5 Airbnb security and privacy tips
Holiday travel season is almost here. And while many of us will be staying with family, friends, or in hotels, a growing number of people are making use of Airbnb to find lodging during the holidays.
Airbnb rentals can be an excellent option for travellers: They’re cost-effective, conveniently located, and feel a bit more like home than the local Marriott! But staying in someone else’s space — as opposed to a large hotel chain — can also raise security and privacy concerns.
If you’re considering using Airbnb during this year’s holiday travel season, here are 5 things you can do to protect yourself:
Vet the host
It goes without saying that you should read past reviews carefully before deciding to spend the night at a host’s place. Pay attention to recent reviews, and read what negative reviewers have said about the host. Hosts are given the option to verify their identity by providing government ID to Airbnb, so keep an eye out for listings where hosts have taken this additional step: It’s a good sign of transparency.
Check out the neighborhood
Location is a big part of personal safety, but it can be difficult to get a sense of how safe a neighborhood is if you’ve never been there — and this is one of the challenges of using Airbnb. When considering a host’s location, use services like Google Maps or Apple Maps to gain insight into the surrounding neighborhood by checking out the kinds of businesses operating there. The iOS App Store also contains travel apps which aggregate crime statistics by location, and while these may not be perfectly accurate, they can provide some additional data points to help you make your decision.
Use your own tech
Sometimes hosts will offer the use of a computer as an amenity, but this carries security and privacy risks which you should be aware of. If you do want to use a common computer, limit your activity to things like checking the weather or researching local attractions. Whatever you do, don’t type anything sensitive (e.g. an account password or credit card number) on a stranger’s computer. You have no way of knowing if keylogging software — which can record every key you press — has been installed there. This is why it’s best to use your own laptop or mobile device when staying at an Airbnb.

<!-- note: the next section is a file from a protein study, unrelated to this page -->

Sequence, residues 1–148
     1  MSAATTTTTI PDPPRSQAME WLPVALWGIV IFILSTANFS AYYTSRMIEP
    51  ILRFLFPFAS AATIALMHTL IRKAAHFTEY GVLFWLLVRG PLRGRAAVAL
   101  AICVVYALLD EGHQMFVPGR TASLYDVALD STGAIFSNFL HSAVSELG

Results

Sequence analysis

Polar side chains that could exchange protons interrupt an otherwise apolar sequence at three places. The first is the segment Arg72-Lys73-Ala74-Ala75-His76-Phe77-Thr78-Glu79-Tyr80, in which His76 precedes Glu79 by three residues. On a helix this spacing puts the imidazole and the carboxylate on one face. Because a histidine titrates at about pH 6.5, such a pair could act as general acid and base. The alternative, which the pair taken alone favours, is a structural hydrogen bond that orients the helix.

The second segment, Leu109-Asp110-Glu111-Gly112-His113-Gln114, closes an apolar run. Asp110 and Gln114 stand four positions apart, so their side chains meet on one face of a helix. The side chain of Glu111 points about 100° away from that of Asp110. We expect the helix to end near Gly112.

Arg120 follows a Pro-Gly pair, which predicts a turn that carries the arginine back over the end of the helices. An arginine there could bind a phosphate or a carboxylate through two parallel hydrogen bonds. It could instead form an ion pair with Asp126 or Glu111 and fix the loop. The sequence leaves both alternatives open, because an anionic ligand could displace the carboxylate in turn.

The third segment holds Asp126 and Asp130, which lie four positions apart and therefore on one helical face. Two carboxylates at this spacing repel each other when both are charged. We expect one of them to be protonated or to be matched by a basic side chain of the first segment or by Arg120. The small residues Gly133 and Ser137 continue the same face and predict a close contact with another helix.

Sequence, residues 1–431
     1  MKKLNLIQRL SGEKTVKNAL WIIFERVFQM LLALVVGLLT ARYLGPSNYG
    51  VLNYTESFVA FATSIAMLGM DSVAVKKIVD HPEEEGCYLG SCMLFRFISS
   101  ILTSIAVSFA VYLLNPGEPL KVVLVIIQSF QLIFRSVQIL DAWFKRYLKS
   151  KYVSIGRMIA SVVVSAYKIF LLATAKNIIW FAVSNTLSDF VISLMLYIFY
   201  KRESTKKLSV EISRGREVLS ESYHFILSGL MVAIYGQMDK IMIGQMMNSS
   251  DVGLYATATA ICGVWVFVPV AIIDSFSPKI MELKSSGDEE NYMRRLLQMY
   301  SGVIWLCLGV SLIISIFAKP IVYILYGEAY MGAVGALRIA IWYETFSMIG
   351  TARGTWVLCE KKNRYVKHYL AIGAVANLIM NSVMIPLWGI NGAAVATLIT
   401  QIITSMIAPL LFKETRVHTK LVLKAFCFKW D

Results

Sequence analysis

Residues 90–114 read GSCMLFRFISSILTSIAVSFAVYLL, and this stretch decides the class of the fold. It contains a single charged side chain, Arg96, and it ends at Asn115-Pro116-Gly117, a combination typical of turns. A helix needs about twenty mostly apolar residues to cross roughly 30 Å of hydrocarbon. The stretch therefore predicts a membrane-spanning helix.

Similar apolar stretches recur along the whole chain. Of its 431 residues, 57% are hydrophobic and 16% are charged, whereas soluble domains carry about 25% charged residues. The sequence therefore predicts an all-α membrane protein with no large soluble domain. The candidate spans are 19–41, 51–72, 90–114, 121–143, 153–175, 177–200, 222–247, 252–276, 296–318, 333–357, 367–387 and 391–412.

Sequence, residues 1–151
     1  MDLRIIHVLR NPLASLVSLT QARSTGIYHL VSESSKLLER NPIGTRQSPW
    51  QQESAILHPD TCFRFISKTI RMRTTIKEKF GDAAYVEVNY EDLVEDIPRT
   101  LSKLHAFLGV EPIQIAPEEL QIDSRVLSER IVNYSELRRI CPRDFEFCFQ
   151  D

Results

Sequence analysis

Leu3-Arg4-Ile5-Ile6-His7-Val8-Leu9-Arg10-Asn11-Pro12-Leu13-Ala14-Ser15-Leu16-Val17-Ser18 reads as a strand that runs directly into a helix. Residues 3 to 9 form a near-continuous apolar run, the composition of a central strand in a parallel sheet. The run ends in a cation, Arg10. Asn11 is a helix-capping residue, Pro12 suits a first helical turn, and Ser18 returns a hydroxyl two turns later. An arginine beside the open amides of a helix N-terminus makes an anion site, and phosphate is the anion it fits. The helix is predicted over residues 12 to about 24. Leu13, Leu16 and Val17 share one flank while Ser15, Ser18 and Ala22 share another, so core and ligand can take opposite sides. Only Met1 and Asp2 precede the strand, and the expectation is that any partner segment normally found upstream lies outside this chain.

Use a VPN
Most Airbnb hosts offer some form of WiFi Internet access to guests. It’s fine to use this, as long as you remember that you’re not really at home: An Airbnb host’s network should be treated like a public network, no different from an airport or a Starbucks. This means using a good VPN to make sure that all of your network traffic is encrypted, and thus unreadable by the network administrator (i.e. your Airbnb host). There are several reputable cross-platform desktop VPNs, and we encourage iOS users to take a look at Guardian Firewall + VPN.
Scan for cameras
Airbnb hosts are not permitted to place security cameras in private areas like bathrooms or sleeping areas. Nevertheless, some Airbnb guests have discovered hidden cameras where they don’t belong. To make sure your private spaces are actually private, do a visual check for telltale signs of hidden cameras. Keep an eye out for odd-looking or out-of-place objects: If you see a lamp with a USB cable or a teddy bear in the bathroom, investigate further. Network scanner apps like Fing can also help, as they show you a list of active devices on the network along with their names — so if you see something called “IP-CAM”, you might have a problem. If you do discover a hidden camera, don’t unplug it or confront the host — document the evidence, contact Airbnb immediately, and leave the property if possible.
Most Airbnb guests don’t end up having bad experiences, and when complaints do occur, they usually have more to do with minor inconveniences or sudden cancellations than with serious security or privacy violations. That said, staying at someone else’s place does require some special considerations. Follow the above tips, then relax and enjoy your visit!